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Leaders get into the work with people. They don’t shut themselves away behind closed doors.

Recently I finished a bathroom remodel, and it was a real learning experience. I would never have started this project if it weren’t for a neighbor who is a general contractor. After hearing me talk about this bathroom for almost a year, he showed up with a sledge hammer one day and said, “would you like to do the honors?”

“You mean, just hit it?” I asked.

“Yep,” he replied. “I’ve learned that if you don’t get in there with people, the work will never get started. Not to mention, get finished.” After two weeks of demolition and a few weeks of putting the bathroom back together, the project got done. My neighbor Jonathan did most the work along side of me and I learned so much along the way.

Great Leaders
Great leadership looks kind of like what I just described—it means getting in there with people in an ongoing way to make sure the work gets done. This is how we build trust. In my work with teams, I’ve seen that leaders who need the most help struggle in this one area.

Most of these folks are good hearted people who wrongly assume that people will be inspired by the vision, and go figure out what to do. But it doesn’t work that way. People need support structures. Like my neighbor showed up with tools and knowledge, so too, leaders need to put proactive support structures in place so people can be at their best, and do their best work.

The Work of a Leader
In general, we could describe the work of a leader as setting vision, culture and strategy. The best companies among us have leaders like that at the helm. But outsiders looking in wrongly assume that this is where the work stops. In addition to the work of a leader, we’ve got to learn the ongoing work of a leader. We might call this, “Leadership that grows up.” I say this because young leaders can bring inspiring ideas, but mature leaders know how to put systems in place to make the vision actually happen.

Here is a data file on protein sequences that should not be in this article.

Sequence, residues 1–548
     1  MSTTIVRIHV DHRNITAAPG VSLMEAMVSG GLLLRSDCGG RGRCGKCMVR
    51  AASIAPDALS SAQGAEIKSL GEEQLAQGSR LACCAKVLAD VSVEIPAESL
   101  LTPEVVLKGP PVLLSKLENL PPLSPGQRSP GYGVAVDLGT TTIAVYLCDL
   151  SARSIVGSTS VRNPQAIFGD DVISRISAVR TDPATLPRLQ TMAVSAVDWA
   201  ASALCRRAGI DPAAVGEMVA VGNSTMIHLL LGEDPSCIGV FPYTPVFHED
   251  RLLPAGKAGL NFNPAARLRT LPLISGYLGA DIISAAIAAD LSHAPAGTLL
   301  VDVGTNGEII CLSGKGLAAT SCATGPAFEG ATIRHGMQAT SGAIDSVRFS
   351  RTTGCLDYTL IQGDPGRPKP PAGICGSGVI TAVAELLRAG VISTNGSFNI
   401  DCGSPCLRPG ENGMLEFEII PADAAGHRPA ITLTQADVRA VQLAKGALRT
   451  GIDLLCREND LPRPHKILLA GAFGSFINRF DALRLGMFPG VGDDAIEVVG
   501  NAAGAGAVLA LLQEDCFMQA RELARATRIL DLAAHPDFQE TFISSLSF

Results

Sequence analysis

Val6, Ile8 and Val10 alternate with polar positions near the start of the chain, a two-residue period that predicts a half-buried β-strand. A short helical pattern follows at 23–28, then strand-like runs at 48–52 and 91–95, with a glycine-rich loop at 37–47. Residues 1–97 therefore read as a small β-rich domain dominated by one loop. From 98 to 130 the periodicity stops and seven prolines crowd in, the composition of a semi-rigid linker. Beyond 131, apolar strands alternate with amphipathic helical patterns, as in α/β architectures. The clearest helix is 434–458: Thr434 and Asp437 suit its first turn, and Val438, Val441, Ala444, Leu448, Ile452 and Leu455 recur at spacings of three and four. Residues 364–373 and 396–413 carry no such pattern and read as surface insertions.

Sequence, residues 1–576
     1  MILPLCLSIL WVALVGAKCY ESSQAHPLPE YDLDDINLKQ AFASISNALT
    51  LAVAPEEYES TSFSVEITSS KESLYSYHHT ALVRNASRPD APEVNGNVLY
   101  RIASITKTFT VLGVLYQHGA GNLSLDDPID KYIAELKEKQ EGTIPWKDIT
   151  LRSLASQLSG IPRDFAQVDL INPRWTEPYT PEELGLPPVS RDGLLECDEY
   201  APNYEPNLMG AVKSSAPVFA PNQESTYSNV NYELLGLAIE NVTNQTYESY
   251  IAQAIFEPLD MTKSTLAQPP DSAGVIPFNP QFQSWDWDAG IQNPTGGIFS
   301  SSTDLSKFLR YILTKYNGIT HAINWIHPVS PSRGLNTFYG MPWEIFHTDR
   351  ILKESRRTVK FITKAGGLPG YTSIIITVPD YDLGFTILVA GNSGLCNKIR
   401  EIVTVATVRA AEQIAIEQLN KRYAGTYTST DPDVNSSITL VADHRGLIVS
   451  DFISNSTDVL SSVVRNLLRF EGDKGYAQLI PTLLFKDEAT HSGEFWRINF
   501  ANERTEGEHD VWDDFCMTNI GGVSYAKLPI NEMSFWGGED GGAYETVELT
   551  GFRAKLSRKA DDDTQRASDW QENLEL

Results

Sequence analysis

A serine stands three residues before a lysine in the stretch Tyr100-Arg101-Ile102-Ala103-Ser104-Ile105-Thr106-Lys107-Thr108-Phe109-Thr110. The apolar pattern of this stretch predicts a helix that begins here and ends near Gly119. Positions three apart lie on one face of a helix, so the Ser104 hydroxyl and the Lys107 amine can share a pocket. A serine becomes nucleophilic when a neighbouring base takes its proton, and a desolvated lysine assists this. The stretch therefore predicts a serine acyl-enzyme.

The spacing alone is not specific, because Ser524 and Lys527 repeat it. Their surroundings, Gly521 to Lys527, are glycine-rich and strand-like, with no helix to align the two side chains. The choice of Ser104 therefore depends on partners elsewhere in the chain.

I want to unpack in this series of blogs on the proactive support structures needed in every healthy organization, and on every team. Here are, what I would call, five trust-building support systems:

  1. Discovery (of stories, strengths and shared strategy)
  2. Assessment (of team health & metrics of success)
  3. Care (for individual team members & group morale)
  4. Training (in areas related to accomplishing the strategy & areas of deficiency)
  5. Coaching (around qualitative and quantitative improvements)

My aim in writing this series is to add value to the leaders among us who want to take things to the next level. Some leaders may be strong in one of these five systems more than the other. My goal is to help you get strong in each area.

In a world where people think trust is something that’s earned, I want to share a different picture. Trust isn’t primarily earned. Rather, trust is developed. The leader sets the pace for the team and organization by how they get in there with the people in the ongoing work.

Here’s what’s coming next: How to discover the best in your team, build trust and design a winning strategy. But when I say a winning strategy, I mean more than a plan. More to come next week.

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